Demonstration of Strength

The Difference between Training and Demonstration of Strength

Some time ago I came across some interesting thoughts in my mind. You can already find one of them in an older post called “What Is ‘Heavy’?” In couple of words it is about the meaning of word ‘heavy’ in training. Read it to understand the whole thought. After that my train of thought arrived to different station. If there is ‘too heavy’ and ‘just enough heavy’ then there should be difference in how we train. Even further. Training for strength and demonstration of strength actually should differ a lot in most training approaches. Got interested? Then read on.

What Is ‘Demonstration of Strength’?

At first let me explain to you what I mean under ‘demonstration of strength’. Demonstration of strength is any heavy strength performance where you work at the limit of your abilities. It could be actually anything involving strength. Clean and Press, Deadlift, Squat, One-Arm Pull-Up, One-Arm Push-Up etc. Any exercise hard enough for you to work at your limit. For example, powerlifting or Olympic weightlifting competitions. People strive to show their maximum there. They get faint, get injuries etc. It’s all because they work at their limits to show the best they can. This, in my opinion, is demonstration of strength. Heck, even going for PR while maxing out at your training is demonstration of strength. For example, testing your true 3 rep maximum.

What’s the Problem?

Demonstration of strength burns you out in no time. Even faster. Let me explain you on my own example. Some time ago I was training heavy in sandbag deadlift. At first I used 8 sets of 3 reps protocol. Everything went fine but I was pushing the weight up. Then I switched to 10 sets of singles. It wasn’t enough for me. So I started to cut sets and added weight. In the end I maxed out at 2 singles with 197 kg. The next training session I couldn’t pull 197 kg even inch of the floor. I understood that I burned out and I needed to rest. That was demonstration of strength not training.

The difference between training and demonstration of strength is that you cannot train by demonstration. Quite reverse. You need to train for demonstration. It could be powerlifting meet or some extraordinary situation in your life. But you will burn out if you will train at your limit all the time. Take it slower and you will get further.

But What about Training Approaches that Require Working at Limit?

My advice: don’t use them. Or use them once or twice per year. Training at your limit will get you old really fast. How about increased risk of injuries, wear’n’tear, tendonitis and other quite unpleasant stuff? Forget about training to failure. Train for success. When you train at your limit you need to rest more. This means less training sessions which means less results. Remember. It doesn’t work that way. You can’t train once a week and recover the whole week and expect noticeable results. You need to find ‘sweet spot’ in training by adjusting such variables as volume, intensity and frequency. It was stated million times before. But once more: “Train as frequently as possible while being as fresh as possible”. That’s the road to success.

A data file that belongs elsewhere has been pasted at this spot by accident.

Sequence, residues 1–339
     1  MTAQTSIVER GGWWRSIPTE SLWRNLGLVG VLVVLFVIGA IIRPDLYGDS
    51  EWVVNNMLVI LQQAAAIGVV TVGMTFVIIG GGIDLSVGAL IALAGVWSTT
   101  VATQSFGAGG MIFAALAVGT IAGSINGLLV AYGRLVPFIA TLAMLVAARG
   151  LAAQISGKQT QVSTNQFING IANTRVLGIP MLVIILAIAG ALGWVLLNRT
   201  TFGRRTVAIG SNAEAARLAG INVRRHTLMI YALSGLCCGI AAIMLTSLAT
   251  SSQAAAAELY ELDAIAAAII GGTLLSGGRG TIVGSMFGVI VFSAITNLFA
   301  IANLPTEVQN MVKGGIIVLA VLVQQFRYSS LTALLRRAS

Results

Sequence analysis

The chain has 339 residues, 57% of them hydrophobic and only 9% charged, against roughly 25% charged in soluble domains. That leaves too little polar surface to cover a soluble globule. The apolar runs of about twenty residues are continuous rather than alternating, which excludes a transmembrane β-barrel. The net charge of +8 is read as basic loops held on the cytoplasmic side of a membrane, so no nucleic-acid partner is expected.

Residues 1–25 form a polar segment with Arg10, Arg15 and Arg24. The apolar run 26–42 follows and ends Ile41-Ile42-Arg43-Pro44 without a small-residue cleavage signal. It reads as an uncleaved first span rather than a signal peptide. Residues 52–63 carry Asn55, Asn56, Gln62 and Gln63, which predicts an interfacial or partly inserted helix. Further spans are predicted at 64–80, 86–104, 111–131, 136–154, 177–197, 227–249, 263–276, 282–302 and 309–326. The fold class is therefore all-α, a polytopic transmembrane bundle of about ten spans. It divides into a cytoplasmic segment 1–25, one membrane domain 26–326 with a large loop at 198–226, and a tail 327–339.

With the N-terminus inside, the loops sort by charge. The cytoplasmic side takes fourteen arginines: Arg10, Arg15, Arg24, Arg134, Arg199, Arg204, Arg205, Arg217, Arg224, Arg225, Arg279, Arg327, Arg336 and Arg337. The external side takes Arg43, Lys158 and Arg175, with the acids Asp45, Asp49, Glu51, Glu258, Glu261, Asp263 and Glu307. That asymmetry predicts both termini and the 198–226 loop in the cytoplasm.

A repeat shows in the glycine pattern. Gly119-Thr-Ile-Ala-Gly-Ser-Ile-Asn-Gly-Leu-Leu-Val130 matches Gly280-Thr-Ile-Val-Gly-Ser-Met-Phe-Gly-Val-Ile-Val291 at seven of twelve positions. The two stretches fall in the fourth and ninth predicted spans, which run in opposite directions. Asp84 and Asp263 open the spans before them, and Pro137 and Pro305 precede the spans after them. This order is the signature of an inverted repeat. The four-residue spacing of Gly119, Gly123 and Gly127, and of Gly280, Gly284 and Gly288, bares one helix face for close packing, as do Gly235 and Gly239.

Conclusion

So what are the take home points?

  • Training at your limit will burn you out in no time;
  • There’s a difference between training and demonstration of strength;
  • You train for demonstration, not reverse;
  • You need to find ‘sweet spot’ in training by adjusting such variables as volume, intensity and frequency.

Stay tuned for more on rough training.

Play rough!

Alex Zinchenko

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6 thoughts on “The Difference between Training and Demonstration of Strength

  1. Pingback: Rough Strength Basics: How to Gain Strength | RoughStrength.com - Gain Strength, Build Muscle, Lose Fat, Get Awesome!

  2. Pingback: Rough Strength Basics: How to Gain Strength

  3. Surtur

    good points here…the home takeout message is, don’t train to impress (be it others or yourself) – because that is training to demonstrate your strength. Instead, train for yourself – not to prove anything, but simply because it is good for your body. I think, it comes down to motivation – many guys train to prove something, which almost inevitably leads to training for demonstration of strenght. On the other hand, guys who train for themselves [in other words, who are motivated internaly rather than externally], are few and far between.

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